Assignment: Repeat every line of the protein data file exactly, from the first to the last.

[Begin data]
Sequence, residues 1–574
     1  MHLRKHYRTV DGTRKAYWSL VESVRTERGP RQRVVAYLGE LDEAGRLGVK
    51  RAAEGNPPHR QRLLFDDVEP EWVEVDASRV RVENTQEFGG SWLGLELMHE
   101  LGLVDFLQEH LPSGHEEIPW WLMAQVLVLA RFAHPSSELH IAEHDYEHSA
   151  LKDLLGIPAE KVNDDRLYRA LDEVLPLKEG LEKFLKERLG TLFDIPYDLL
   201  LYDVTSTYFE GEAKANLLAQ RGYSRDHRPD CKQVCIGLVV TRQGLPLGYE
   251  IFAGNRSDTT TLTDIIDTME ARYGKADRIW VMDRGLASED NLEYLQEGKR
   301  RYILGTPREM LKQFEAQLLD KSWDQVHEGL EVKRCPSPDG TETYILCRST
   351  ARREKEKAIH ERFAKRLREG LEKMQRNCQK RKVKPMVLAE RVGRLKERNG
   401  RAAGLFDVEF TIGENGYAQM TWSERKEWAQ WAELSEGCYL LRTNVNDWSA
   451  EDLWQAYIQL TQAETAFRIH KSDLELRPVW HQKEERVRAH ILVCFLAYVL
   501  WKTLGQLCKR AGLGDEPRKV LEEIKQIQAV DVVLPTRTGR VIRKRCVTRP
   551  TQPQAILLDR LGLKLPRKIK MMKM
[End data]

Sequence, residues 1–574
     1  MHLRKHYRTV DGTRKAYWSL VESVRTERGP RQRVVAYLGE LDEAGRLGVK
    51  RAAEGNPPHR QRLLFDDVEP EWVEVDASRV RVENTQEFGG SWLGLELMHE
   101  LGLVDFLQEH LPSGHEEIPW WLMAQVLVLA RFAHPSSELH IAEHDYEHSA
   151  LKDLLGIPAE KVNDDRLYRA LDEVLPLKEG LEKFLKERLG TLFDIPYDLL
   201  LYDVTSTYFE GEAKANLLAQ RGYSRDHRPD CKQVCIGLVV TRQGLPLGYE
   251  IFAGNRSDTT TLTDIIDTME ARYGKADRIW VMDRGLASED NLEYLQEGKR
   301  RYILGTPREM LKQFEAQLLD KSWDQVHEGL EVKRCPSPDG TETYILCRST
   351  ARREKEKAIH ERFAKRLREG LEKMQRNCQK RKVKPMVLAE RVGRLKERNG
   401  RAAGLFDVEF TIGENGYAQM TWSERKEWAQ WAELSEGCYL LRTNVNDWSA
   451  EDLWQAYIQL TQAETAFRIH KSDLELRPVW HQKEERVRAH ILVCFLAYVL
   501  WKTLGQLCKR AGLGDEPRKV LEEIKQIQAV DVVLPTRTGR VIRKRCVTRP
   551  TQPQAILLDR LGLKLPRKIK MMKM